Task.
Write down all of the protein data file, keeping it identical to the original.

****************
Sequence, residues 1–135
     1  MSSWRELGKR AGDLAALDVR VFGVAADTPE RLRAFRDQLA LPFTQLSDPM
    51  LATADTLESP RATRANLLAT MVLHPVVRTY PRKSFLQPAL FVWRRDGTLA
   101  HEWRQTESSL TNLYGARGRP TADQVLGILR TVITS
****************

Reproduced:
Sequence, residues 1–135
     1  MSSWRELGKR AGDLAALDVR VFGVAADTPE RLRAFRDQLA LPFTQLSDPM
    51  LATADTLESP RATRANLLAT MVLHPVVRTY PRKSFLQPAL FVWRRDGTLA
   101  HEWRQTESSL TNLYGARGRP TADQVLGILR TVITS